of a previously described biotest (Matsumoto, 1965). The carbohydrates were
dissolved in ddH2O and incorporated into the mite food; the calculated volume was
approximately 3 mL of solution per 1 g of food. The resulting combination was
properly mixed using a MS1 Minishaker (IKAs, Staufen, Germany) and lyophilized in
a PowerDry LL3000 (Thermo, Shanghai, China). The lyophilized material was ground
into a powder in a pottery grinding mortar. The material was rehydrated 24 h before
the experiment in a desiccator containing distilled water.
The unmodified rearing diet was used as the control. The diet (5 mg) and
10 adults were placed in tissue culture cell chambers (Cat. No. 3102025, IWAKI,
Saint Marcel, France). The chambers were incubated in desiccators at 75 or 85%
RH (see above) at 251C in the dark for 21 days (Erban and Hubert, 2008). The
experiment was terminated by the addition of 10 mL of 80% ethanol to the
chambers. The mites were directly counted under a Stemi 2000 C dissection
microscope. The experiment was usually designed with 12 replicates per diet and
species. As only the initial and final population densities were available, we expected
the population of mites to change according to a formula for exponential growth, and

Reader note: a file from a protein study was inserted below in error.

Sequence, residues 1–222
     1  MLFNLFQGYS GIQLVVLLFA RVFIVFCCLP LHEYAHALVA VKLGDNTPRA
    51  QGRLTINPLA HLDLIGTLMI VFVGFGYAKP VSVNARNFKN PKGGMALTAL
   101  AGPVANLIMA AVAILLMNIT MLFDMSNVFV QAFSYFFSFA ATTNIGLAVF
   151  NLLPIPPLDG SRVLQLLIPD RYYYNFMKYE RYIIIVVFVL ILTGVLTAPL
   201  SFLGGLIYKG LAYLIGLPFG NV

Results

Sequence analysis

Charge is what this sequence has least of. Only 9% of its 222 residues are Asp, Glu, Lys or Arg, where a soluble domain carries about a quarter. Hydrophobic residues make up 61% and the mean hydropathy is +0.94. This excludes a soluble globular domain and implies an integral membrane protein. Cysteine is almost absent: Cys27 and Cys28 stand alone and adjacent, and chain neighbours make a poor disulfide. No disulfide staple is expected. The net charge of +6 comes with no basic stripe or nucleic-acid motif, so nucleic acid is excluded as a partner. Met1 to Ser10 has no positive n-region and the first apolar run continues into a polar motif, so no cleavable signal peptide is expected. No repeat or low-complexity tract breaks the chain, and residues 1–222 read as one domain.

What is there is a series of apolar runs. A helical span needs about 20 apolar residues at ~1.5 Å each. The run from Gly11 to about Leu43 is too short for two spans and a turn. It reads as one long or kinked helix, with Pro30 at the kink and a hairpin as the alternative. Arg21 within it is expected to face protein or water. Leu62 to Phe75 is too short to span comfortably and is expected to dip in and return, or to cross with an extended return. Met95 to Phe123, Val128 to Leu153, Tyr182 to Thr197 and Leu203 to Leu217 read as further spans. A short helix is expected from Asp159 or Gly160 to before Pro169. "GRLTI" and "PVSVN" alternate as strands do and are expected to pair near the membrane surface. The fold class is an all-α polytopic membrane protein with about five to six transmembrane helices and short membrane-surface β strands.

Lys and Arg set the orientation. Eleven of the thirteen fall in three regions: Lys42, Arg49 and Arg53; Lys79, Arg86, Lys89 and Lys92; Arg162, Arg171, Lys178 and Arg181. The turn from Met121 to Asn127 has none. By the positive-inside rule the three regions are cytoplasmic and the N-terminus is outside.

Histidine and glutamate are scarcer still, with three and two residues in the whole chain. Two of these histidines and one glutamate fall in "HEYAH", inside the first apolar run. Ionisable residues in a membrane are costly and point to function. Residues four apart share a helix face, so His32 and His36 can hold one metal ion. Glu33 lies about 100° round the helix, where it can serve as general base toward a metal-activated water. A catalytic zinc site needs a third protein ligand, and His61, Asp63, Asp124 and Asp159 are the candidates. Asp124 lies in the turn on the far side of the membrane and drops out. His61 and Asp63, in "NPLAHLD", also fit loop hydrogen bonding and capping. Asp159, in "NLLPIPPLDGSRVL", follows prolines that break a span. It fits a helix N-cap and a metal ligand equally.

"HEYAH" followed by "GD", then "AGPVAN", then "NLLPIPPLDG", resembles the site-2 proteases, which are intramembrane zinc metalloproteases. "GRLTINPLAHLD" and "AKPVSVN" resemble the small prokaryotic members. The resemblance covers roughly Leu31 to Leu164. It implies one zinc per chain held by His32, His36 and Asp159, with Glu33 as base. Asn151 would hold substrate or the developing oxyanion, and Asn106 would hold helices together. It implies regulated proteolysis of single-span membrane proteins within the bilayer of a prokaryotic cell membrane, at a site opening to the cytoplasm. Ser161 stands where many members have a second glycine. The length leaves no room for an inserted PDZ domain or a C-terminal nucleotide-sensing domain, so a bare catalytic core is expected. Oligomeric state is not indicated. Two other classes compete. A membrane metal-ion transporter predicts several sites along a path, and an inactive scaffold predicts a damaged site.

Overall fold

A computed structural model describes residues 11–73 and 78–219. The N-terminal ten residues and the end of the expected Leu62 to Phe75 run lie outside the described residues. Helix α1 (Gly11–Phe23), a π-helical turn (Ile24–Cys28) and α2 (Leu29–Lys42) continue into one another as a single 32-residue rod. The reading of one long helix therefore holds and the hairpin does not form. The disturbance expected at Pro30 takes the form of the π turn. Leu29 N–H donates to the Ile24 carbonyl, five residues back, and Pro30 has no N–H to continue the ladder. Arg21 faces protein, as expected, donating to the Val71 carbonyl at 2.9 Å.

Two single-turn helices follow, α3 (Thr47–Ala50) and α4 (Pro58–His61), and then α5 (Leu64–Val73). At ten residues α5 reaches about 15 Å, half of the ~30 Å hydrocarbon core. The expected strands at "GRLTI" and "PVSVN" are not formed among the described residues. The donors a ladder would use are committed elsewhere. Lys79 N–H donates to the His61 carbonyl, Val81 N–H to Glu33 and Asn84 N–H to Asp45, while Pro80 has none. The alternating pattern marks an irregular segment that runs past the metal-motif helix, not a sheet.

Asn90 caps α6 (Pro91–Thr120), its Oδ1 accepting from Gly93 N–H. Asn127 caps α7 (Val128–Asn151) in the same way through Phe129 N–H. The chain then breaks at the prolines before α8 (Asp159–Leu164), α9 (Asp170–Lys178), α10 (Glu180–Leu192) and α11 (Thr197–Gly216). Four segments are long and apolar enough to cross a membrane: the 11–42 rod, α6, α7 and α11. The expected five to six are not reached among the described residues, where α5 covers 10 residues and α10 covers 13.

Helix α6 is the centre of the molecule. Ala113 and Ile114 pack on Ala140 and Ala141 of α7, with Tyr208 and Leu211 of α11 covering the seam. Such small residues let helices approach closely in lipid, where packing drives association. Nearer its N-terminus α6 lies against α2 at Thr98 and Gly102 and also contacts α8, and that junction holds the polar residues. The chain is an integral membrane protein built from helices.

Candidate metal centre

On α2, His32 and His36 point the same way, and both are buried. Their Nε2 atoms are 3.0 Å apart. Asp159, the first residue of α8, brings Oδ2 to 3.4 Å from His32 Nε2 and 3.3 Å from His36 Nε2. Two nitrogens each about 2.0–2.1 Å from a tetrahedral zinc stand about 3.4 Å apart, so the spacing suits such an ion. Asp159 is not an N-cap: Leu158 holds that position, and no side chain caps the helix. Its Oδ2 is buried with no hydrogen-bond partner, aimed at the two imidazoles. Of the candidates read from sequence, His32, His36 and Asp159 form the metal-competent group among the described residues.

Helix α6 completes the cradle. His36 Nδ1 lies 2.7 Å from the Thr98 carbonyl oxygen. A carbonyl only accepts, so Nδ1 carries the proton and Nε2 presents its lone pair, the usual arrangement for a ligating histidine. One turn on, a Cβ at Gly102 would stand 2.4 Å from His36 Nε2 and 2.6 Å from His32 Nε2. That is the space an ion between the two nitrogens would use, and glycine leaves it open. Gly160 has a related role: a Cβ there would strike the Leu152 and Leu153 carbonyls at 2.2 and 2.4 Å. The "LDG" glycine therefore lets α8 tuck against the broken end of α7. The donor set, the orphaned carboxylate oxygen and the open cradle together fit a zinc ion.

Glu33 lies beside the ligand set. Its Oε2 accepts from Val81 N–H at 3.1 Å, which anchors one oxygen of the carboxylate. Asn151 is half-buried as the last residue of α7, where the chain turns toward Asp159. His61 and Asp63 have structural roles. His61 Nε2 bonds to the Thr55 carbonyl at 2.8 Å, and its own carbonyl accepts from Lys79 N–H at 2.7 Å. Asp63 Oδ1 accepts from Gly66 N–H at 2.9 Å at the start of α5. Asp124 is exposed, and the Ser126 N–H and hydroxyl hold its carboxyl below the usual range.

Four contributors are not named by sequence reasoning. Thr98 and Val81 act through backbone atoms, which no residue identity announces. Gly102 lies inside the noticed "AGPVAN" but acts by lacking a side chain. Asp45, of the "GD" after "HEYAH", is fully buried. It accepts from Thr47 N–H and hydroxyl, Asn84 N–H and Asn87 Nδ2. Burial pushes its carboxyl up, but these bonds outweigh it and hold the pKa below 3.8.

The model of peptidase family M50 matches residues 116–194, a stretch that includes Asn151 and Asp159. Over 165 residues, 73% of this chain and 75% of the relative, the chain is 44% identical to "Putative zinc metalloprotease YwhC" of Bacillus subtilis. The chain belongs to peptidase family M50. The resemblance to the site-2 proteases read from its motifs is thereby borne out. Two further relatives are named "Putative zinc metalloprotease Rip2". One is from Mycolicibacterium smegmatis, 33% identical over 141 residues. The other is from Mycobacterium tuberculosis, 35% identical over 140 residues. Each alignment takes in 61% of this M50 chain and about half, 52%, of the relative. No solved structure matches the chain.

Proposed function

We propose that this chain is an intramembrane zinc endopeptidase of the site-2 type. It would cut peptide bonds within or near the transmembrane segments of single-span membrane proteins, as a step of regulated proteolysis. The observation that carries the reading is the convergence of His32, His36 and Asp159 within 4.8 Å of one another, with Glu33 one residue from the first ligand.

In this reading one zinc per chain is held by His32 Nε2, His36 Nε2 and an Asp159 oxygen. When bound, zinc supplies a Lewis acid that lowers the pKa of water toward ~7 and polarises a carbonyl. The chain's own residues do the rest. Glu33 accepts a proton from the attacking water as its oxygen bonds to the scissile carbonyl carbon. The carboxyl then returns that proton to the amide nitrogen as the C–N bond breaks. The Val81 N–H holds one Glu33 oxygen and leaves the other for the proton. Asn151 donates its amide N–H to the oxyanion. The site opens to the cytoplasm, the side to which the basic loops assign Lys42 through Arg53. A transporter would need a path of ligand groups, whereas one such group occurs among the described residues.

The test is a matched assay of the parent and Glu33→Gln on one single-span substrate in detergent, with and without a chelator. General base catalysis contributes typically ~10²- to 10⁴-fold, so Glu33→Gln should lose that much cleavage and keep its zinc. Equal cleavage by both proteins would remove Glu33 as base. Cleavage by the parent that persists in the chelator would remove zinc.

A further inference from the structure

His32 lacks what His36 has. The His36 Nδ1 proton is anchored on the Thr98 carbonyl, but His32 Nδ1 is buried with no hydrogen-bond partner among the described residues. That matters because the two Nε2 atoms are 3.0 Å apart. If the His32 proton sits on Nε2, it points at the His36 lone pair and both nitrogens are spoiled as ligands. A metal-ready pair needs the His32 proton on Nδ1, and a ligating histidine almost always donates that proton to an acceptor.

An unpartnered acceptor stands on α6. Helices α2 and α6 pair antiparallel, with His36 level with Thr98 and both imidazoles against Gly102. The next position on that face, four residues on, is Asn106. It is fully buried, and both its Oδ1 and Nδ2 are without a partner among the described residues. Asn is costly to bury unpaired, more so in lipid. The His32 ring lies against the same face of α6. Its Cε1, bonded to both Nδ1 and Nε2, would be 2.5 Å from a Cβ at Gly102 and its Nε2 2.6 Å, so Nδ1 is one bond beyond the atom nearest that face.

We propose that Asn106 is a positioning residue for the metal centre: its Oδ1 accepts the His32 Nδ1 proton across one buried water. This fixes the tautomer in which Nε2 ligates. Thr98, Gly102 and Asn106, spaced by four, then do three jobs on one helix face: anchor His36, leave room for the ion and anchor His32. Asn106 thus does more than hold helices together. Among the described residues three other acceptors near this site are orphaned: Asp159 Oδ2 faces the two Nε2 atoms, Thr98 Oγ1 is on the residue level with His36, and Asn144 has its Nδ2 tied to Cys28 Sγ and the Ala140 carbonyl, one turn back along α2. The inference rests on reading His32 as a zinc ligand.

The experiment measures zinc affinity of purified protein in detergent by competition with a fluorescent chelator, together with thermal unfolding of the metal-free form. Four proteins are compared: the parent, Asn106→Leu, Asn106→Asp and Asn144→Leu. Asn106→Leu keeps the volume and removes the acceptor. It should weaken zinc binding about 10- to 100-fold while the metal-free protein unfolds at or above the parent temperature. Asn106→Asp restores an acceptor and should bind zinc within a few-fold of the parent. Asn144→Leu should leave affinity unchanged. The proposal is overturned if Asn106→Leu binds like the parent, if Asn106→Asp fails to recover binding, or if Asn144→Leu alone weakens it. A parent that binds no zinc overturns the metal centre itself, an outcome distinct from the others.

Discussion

a differential density-independent model (Nt 5 N0ert) was used to estimate the
observed rate of population increase (r), where N0 was the initial density of mites
(N0 5 10), Nt was the final density of mites, and t was the duration of the experiment
(21 days).
The rates of population increase showed normal distributions and were analyzed
by ANOVA. The factors were the substrates and analyses were done for each species
separately. Tukey’s (HSD) intervals were used for the comparison of differences among
substrates, including the control, at the P 5 0.05 probability level.
Biotest on the a-Amylase and a-Glucosidase Inhibitor
The inhibitor-containing diet was derived from the rearing diet with the incorporation
of acarbose (Cat. No. 10017, Serva Electrophoresis GmbH, Heidelberg, Germany).
Acarbose was incorporated in a range of 0.001–5 mg of acarbose per g of diet. The
unmodified rearing diet was used as the control. The diet (10 mg) and 50 adults were
placed in IWAKI tissue culture cell chambers with controlled conditions, i.e., 75 or
85% r. h. (see above) at 251C in the dark for 21 days. The rate of population increase
was checked by the same method as described above, except that N0 5 50. To
determine the effect of acarbose, the linear regression model was applied to the data.
The rate of increase was the independent variable, while the acarbose concentration,
species, and their interaction were the factors. In addition, the linear regressions were
done for all species separately to obtain the parameters of the regression line.
For orientation, the rc50 parameters were defined as the concentration of acarbose